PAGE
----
He tries to claim, “the false-positive incidence of our testing is giving us a bleak picture”; however, this sentence is neither true, nor stands up to logic. There have been claims made, which have been repeatedly disproven, that PCR tests (carried out to detect the presence of antigens rather than antibodies) produces lots of false positive results. False positives account for a vanishingly tiny proportion of our case numbers. But putting that aside, there is no logical explanation as to why the UK would have a higher proportion of false positives than our neighbours, given that the PCR tests used to detect Covid-19 cases are standard across the world.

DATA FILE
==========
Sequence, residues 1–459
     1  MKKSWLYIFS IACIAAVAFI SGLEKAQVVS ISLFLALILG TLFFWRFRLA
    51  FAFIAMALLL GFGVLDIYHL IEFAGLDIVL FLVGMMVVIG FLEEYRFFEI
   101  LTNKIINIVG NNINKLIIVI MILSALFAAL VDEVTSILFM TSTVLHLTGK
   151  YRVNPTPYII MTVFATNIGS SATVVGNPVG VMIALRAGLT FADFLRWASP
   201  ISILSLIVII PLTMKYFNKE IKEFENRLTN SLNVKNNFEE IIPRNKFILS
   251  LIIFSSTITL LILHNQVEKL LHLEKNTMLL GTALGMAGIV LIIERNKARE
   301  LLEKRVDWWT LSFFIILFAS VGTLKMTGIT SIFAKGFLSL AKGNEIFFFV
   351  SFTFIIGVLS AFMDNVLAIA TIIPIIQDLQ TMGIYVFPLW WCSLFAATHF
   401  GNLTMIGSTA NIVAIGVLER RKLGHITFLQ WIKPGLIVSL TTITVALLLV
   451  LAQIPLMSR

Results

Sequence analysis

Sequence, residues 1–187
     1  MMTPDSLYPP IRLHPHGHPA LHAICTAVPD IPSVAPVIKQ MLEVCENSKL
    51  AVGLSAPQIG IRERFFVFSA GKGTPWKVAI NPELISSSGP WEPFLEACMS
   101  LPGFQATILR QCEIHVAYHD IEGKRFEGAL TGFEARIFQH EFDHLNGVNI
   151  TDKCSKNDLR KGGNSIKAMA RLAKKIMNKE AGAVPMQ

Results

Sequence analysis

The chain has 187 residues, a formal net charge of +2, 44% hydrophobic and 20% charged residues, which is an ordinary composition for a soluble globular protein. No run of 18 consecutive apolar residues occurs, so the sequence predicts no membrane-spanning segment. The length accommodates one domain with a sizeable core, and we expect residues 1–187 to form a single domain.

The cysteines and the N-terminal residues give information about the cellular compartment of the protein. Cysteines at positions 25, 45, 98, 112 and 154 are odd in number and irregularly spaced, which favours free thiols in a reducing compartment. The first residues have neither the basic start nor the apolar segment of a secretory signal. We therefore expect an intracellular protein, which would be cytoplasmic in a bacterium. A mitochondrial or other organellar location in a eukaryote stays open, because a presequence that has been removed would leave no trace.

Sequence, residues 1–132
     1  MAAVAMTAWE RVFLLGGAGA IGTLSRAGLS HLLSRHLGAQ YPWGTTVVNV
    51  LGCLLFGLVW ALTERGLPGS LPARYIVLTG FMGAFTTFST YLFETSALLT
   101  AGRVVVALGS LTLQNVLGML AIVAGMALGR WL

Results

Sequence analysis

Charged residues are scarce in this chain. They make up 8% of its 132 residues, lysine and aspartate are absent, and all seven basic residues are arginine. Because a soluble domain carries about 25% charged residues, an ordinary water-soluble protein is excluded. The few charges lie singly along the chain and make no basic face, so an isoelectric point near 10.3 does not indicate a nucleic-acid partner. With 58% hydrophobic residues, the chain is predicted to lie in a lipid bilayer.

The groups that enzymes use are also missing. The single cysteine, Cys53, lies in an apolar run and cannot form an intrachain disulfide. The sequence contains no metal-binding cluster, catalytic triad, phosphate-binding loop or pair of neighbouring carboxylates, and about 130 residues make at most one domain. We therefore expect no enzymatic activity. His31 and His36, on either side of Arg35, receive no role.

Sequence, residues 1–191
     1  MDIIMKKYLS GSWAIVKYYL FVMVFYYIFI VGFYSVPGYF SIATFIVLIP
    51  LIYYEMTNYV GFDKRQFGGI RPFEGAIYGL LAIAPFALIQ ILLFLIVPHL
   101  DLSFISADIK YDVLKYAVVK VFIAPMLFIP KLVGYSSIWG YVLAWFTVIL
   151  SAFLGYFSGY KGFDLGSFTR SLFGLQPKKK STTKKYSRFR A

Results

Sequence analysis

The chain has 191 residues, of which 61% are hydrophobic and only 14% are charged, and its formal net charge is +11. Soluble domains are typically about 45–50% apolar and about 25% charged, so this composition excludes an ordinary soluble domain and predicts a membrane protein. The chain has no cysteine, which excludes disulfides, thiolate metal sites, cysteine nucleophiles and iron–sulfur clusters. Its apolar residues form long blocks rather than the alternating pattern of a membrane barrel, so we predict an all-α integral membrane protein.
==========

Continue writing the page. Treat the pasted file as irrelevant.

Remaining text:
The next claim is that the reason why hospitals are full of Covid-19 patients is that anyone who attends hospital is tested for Covid-19, so they may be positive but asymptomatic, and simply have a broken ankle. As the nurses and doctors working on the front line will tell you, this is NOT the reason that hospitals are reporting such high numbers. You only have to look at Intensive Care Unit (ICU) numbers. In January 2020 the UK had 4100 adult critical care beds (including intensive care beds and high dependency beds) in total. We currently have 4000 Covid-19 patients in ICU beds alone (400,000 in hospitals in total). And Covid-19 patients only make up half of the ICU numbers.